A fun example made by Steph is applying this to Spongebob. Spongebob wants to prove that his name is in fact Spongebob, but in order to do that, he needs to provide his full license to the verifier (the police officer... or I guess, police fish).
His license contains sensitive information like his DOB, address, gender, and more; all of which isn't necessary to prove his name; but, alas, he has no other choice.
It would be so much better if Spongebob could prove his name, or if I could somehow prove that I'm over 18, without needing to hand over so much sensitive information.
This is a prime example of how ZK proofs provide real value to the world. With ZK proofs, I am now able to prove a part of my identity (or anything else) to a verifier without providing any aspect of my identity, or any supporting documents to prove that fact.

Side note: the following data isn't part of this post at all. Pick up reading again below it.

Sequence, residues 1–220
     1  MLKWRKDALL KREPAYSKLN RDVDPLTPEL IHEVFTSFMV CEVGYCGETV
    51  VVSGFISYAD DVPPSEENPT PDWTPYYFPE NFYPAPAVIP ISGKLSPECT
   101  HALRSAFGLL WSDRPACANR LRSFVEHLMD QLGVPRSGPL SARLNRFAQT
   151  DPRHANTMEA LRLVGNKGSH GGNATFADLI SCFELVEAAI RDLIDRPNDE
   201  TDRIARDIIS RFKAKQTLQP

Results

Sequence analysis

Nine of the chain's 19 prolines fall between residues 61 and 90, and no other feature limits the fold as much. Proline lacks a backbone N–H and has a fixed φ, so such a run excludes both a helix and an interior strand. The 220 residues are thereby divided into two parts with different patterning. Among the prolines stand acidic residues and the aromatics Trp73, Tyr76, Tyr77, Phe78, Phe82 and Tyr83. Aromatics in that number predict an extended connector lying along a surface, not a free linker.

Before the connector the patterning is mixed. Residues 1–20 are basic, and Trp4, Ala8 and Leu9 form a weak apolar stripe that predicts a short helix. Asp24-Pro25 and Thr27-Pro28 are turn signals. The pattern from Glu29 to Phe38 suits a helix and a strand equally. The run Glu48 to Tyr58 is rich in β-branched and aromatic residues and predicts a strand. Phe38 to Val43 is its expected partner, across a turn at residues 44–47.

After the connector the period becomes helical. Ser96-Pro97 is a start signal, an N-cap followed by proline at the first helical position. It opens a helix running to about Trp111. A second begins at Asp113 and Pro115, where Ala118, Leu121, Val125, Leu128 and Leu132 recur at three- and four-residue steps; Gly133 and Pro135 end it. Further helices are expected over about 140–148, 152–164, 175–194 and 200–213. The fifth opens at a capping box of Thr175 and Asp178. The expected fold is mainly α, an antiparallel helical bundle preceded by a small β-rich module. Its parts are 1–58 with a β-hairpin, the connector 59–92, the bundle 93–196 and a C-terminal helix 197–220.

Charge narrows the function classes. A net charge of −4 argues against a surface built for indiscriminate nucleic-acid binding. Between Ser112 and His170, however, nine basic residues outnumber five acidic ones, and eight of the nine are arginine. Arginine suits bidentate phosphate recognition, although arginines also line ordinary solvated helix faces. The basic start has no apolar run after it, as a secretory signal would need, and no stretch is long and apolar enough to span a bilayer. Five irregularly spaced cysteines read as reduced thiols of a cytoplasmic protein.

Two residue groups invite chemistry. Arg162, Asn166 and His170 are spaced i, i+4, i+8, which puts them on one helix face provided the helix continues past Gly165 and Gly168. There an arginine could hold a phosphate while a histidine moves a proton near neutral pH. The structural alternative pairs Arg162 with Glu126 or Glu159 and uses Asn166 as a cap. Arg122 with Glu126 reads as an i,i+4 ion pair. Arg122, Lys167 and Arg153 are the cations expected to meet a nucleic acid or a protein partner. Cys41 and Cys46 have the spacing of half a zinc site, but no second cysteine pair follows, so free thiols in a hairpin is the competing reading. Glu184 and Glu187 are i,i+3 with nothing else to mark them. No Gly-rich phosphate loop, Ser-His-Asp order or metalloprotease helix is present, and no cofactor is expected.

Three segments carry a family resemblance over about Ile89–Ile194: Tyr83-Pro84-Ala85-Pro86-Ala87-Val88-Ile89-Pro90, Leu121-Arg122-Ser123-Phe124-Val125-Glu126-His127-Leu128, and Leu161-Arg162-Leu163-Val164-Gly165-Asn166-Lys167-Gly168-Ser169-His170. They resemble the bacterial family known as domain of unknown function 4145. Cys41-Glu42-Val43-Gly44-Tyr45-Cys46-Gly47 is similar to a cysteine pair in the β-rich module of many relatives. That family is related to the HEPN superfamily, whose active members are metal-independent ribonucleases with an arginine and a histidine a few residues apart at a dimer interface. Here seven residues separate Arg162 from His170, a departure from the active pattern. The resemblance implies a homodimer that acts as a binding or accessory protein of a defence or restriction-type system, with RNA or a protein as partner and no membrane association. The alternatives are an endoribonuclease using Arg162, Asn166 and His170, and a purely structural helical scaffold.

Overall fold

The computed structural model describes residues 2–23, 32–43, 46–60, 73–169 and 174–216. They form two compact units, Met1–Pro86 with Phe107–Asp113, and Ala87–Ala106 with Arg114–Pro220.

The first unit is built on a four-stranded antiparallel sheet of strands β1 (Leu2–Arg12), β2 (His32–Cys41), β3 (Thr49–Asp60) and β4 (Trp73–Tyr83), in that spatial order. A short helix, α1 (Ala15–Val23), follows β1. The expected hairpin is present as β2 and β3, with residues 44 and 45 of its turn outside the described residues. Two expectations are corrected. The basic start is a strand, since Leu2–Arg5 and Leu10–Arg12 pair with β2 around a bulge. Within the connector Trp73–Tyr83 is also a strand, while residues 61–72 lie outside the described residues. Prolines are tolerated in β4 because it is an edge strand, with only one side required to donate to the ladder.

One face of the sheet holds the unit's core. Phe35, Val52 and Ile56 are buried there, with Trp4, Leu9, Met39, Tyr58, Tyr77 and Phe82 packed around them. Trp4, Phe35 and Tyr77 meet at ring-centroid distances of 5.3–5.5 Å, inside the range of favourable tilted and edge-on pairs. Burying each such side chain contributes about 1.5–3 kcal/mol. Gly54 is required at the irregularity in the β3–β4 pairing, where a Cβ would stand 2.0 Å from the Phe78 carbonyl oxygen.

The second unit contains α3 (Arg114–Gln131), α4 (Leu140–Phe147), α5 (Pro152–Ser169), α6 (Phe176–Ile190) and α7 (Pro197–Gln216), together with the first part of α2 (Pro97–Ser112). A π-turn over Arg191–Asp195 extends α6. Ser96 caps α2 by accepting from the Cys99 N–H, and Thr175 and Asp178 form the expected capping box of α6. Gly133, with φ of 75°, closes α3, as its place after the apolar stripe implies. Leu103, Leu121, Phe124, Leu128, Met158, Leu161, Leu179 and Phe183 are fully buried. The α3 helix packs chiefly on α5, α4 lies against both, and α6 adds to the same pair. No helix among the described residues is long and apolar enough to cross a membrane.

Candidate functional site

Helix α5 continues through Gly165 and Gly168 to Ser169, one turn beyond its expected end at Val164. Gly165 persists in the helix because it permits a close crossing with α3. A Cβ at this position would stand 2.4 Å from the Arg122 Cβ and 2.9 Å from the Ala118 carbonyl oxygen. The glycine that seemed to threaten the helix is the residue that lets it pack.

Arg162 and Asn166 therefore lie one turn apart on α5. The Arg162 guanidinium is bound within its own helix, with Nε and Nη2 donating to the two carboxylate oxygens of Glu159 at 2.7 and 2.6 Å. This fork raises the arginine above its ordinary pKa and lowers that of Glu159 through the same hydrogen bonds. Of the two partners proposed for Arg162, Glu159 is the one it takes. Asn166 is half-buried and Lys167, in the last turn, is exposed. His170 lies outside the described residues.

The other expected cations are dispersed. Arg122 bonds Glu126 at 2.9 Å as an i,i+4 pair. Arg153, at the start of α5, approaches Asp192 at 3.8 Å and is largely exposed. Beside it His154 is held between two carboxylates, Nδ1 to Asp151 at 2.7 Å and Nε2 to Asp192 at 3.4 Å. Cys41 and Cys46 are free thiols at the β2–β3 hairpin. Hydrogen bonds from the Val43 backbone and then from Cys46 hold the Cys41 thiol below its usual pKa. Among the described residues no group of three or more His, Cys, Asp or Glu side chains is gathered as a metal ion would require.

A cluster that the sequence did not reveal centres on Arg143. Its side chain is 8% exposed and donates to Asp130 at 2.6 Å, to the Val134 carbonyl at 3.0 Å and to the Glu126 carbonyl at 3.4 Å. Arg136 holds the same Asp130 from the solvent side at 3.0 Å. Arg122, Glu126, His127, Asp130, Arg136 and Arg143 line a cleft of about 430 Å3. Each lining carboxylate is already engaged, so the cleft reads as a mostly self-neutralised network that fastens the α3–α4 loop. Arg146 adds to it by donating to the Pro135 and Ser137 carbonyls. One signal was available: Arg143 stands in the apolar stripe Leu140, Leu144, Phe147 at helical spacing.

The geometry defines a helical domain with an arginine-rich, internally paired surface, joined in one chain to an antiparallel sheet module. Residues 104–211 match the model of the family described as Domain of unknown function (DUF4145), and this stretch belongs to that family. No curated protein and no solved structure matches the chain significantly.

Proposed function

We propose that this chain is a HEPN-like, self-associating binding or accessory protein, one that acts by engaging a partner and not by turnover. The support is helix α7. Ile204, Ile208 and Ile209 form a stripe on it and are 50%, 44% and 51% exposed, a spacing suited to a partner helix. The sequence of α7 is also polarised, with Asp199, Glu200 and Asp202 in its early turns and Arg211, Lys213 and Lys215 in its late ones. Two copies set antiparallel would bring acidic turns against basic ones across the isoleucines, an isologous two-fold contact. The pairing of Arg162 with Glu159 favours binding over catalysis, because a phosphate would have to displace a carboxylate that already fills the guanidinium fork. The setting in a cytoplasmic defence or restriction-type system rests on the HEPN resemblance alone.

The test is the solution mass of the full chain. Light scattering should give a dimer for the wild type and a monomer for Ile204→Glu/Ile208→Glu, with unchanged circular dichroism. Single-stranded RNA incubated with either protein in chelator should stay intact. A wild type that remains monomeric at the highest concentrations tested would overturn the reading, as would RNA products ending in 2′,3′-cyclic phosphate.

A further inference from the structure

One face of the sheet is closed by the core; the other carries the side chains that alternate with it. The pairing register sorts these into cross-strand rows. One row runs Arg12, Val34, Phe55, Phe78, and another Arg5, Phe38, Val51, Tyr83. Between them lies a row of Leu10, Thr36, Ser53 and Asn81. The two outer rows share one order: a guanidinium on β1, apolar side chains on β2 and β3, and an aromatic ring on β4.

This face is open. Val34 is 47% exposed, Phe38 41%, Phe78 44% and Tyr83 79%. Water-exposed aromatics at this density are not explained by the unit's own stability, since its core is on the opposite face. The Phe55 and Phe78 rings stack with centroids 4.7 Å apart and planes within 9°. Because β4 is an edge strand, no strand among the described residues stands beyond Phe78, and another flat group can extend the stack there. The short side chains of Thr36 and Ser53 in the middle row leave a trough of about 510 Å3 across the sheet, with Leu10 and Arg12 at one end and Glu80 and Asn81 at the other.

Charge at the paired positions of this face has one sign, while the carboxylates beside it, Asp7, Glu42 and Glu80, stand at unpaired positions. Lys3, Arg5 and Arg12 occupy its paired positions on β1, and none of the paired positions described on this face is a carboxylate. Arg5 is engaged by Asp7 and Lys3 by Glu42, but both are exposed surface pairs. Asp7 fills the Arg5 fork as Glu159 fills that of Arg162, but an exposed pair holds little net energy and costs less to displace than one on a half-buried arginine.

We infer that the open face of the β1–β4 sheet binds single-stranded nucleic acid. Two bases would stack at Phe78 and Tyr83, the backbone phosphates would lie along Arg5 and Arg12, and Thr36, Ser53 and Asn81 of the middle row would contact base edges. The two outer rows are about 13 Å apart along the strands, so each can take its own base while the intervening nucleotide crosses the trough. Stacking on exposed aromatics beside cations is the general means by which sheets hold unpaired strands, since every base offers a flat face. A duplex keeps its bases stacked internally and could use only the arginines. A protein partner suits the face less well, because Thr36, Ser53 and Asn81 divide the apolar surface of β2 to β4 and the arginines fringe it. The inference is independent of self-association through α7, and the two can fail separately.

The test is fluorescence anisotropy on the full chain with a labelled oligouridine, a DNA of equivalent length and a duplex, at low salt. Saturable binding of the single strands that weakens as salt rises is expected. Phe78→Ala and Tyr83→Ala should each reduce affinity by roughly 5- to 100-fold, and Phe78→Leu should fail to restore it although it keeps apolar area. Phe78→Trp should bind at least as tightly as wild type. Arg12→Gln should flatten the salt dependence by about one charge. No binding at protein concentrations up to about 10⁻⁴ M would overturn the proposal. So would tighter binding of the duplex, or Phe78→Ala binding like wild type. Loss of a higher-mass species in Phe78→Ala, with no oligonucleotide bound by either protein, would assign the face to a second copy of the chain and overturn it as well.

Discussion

This way, I never transfer sensitive personal information to a third party to be stored in a database; vulnerable to attacks and leaks; something we currently risk almost every time we sign up for a website.
This all sounds great. But how do you prove something without revealing anything about it? For this, we can dive deeper into what ZK proofs are.
What Makes Up A ZK Proof?
So, we want to prove something, without revealing how we know that thing, or what that thing even is. How is that possible?
Before we can answer that, ZK proofs come in two broad categories:
The ones we care about in web3 are non-interactive, but let's quickly touch on what "interactivity" refers to in the context of ZK.
Interactive ZK Proofs
Imagine that there's a ring-shaped cave with a gate inside that requires a secret password to enter through.